“We don’t even know how many kids are doing homeschooling. There is really no accounting.” [Emphasis mine]
Bingo! Public schools are accountable to the public because they take public tax dollars. Guess what? We don’t! When they pay me $10,000 per child to homeschool plus a property tax break (g-schools don’t pay taxes), then we can talk about homeschool accountability. Until then, leaves us the heck alone!
Today’s AstroPic is a good one- Earth viewed from space during a solar eclipse.
How did educrats take in loco parentis to mean that they got to make the decisions about kids’ appearance? Hair, tattoos, piercings. Aren’t these decisions that the parents should make?
A Henry County student’s battle with the school system over its body piercing policy will continue next week.
Daniel “Corey” Rager, 15, is expected to complete the rest of his three-day in-school suspension and could immediately begin another five-day stint if he continues to wear the piercings.
…His fight with the 32,000-student district has attracted national media attention and put the spotlight on the system’s zero-tolerance rules.
What is the rationale for this zero tolerance idiocy? This is a power play, pure and simple.
An interesting comment on an old post:
I am 45 and going back to school to reenforce
my medical billing updates.
I need to find the address to write to the goverment to receive a Laptop free.
Could you please help me find out how to do this.
I may resemble Matthew Lesko from the infomercials but, I promise, I have never worn a jacket festooned with question marks.
The BBC is running a new batch of Hitchhiker’s Guide radio shows. For the young ‘uns and less geeky in the audience, the original started out as a teleplay. I got hooked on the show in ’80 when NPR picked it up. Each show is available for 7 days starting on Thursdays. (via Chris)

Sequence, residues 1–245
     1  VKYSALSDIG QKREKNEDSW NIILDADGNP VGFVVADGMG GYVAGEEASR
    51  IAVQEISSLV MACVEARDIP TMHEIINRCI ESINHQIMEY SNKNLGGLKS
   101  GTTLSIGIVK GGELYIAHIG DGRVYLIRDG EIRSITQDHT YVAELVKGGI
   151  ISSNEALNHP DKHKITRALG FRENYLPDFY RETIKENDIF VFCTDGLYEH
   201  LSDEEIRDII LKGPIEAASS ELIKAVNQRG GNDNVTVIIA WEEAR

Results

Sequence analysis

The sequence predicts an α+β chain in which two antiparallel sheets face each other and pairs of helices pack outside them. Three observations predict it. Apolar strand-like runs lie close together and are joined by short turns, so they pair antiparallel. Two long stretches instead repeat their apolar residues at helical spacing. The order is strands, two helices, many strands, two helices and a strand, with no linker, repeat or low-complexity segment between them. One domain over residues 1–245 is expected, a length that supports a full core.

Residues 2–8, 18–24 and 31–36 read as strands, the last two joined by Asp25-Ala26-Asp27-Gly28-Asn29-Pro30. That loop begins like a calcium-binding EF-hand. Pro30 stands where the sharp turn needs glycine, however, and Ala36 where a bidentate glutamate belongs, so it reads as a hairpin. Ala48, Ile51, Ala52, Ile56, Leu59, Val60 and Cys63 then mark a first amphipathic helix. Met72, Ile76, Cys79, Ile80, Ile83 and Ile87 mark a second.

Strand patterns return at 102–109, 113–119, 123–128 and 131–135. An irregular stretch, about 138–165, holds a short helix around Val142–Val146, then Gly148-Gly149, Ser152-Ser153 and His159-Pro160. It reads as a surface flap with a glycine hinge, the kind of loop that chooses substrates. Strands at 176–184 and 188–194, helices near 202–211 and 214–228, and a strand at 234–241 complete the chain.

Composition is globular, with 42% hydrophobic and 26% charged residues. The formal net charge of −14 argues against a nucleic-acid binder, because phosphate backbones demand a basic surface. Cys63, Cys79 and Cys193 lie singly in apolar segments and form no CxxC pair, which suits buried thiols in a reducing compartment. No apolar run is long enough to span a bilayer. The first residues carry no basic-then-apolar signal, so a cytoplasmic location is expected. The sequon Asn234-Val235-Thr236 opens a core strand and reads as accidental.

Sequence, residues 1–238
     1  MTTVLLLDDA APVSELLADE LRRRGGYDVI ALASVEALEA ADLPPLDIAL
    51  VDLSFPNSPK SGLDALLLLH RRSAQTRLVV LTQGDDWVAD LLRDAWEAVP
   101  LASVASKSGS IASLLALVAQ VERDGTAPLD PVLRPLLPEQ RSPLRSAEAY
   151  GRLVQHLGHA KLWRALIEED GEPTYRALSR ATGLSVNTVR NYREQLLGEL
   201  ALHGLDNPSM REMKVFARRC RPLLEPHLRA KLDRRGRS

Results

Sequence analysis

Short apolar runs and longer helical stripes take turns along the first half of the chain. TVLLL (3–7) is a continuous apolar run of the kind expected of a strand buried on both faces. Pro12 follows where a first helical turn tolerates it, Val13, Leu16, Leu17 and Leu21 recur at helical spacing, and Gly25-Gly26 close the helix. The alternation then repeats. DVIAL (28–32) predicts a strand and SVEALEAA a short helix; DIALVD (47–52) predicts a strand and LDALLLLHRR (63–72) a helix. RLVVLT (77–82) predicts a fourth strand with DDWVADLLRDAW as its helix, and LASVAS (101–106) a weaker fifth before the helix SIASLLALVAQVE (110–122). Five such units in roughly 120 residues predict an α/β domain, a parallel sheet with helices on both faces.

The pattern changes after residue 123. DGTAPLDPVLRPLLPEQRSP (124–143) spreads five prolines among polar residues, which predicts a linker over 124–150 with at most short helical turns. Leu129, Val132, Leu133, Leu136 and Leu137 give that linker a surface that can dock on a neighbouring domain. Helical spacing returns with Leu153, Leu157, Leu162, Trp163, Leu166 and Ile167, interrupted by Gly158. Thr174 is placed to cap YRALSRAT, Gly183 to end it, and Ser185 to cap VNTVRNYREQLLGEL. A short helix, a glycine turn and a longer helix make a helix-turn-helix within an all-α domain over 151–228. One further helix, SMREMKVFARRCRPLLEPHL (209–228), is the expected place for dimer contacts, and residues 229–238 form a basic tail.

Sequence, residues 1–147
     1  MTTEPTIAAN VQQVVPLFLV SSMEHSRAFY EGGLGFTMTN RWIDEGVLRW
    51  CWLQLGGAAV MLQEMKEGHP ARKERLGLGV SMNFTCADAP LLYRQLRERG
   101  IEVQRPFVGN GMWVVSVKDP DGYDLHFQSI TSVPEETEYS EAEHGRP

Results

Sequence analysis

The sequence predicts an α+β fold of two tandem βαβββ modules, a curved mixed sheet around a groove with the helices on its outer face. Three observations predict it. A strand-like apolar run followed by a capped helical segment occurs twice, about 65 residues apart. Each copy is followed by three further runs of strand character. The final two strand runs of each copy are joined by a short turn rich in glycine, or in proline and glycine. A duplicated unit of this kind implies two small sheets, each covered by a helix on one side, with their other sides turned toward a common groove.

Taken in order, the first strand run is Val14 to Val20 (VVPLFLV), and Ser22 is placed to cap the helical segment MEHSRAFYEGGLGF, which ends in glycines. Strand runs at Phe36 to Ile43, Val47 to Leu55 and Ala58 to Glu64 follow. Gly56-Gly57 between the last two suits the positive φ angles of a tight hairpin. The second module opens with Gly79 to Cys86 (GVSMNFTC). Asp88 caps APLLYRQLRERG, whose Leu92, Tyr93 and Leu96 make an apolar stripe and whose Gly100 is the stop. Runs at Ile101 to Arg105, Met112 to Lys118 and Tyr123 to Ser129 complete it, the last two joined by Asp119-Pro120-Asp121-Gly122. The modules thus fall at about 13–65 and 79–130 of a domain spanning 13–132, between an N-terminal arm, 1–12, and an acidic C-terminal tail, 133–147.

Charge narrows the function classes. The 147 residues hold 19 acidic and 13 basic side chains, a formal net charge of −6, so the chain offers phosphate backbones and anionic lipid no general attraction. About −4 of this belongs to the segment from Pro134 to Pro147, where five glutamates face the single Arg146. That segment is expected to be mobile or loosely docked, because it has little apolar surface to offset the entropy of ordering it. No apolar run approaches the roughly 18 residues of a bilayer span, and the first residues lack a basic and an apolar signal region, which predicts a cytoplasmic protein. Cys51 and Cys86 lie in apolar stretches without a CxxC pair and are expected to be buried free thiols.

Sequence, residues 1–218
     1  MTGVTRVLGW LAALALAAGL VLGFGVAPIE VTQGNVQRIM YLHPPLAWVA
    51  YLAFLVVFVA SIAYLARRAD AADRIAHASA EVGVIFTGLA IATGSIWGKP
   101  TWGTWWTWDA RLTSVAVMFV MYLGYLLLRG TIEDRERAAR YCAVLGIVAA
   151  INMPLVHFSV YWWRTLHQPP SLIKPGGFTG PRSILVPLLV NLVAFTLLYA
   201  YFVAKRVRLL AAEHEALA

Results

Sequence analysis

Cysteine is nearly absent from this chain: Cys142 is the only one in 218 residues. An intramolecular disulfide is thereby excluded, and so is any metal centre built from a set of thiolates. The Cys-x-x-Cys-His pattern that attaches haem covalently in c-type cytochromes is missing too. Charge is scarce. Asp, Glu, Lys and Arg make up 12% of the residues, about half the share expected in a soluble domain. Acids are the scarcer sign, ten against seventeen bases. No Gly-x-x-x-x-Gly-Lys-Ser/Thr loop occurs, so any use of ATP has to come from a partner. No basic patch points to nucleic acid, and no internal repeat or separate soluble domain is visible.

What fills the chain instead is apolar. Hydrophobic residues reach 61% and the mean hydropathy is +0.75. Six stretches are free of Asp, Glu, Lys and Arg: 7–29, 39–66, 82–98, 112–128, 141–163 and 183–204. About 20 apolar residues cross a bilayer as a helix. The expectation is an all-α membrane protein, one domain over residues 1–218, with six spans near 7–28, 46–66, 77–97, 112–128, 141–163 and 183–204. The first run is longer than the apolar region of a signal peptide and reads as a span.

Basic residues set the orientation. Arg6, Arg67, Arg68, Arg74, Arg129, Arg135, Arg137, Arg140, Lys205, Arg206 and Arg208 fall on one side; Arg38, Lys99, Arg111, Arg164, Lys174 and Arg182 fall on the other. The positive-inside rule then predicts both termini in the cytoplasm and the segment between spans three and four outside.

And as a complete aside, Anthony is currently reading the first book. Like father, like son.
That’s the drumbeat leading us to compulsory weigh-ins in the g-schools. Think I’m kidding?
With 9 million overweight schoolchildren, a number that has tripled since 1980, the new findings aim to give education leaders a traditional motivation for making changes: money.
At least nine states that get state money based on student attendance, for example, are losing an estimated tens of millions of dollars because of absenteeism, a problem caused in part by the poor nutrition and inactivity of those missing school, the study says.
You know, I seriously doubted they could do it, but I should have had more faith. They pulled it off. Even the obesity mania is now “All About the Money” (TM). Thank God we homeschool.
Joanne Jacobs picks up a story I heard on our local talk radio yesterday. One of the school districts here cancelled a marching band performance scheduled for Saturday because of Yom Kippur. No one seems to have complained. Joanne, who is Jewish, seems to think cancelling was a bad idea. Me, too.
Check out the closing sentences in today’s lead NYT editorial:
Once upon a time, gridlock was considered the ultimate problem with Congress. That looks better than what we’re getting right now.
It sure sounds like that’s what this Democratic candidate for MA’s legislature said:
A tax credit for seniors based on local education spending is another idea Sannicandro said he would like to bring to Beacon Hill. He models it after a law passed in New York state.
“(In New York) if you are 65, you get an automatic tax credit,” he said. “Beyond that, it is based on income.
“It allows seniors to stay in their homes, and it also helps school districts because it prevents massive (housing) turnover that result in families with kids moving in.”
Yeah, those families with kids (especially those large Catholic families in Boston) are a real PITA. I know. He probably didn’t mean it the way it reads.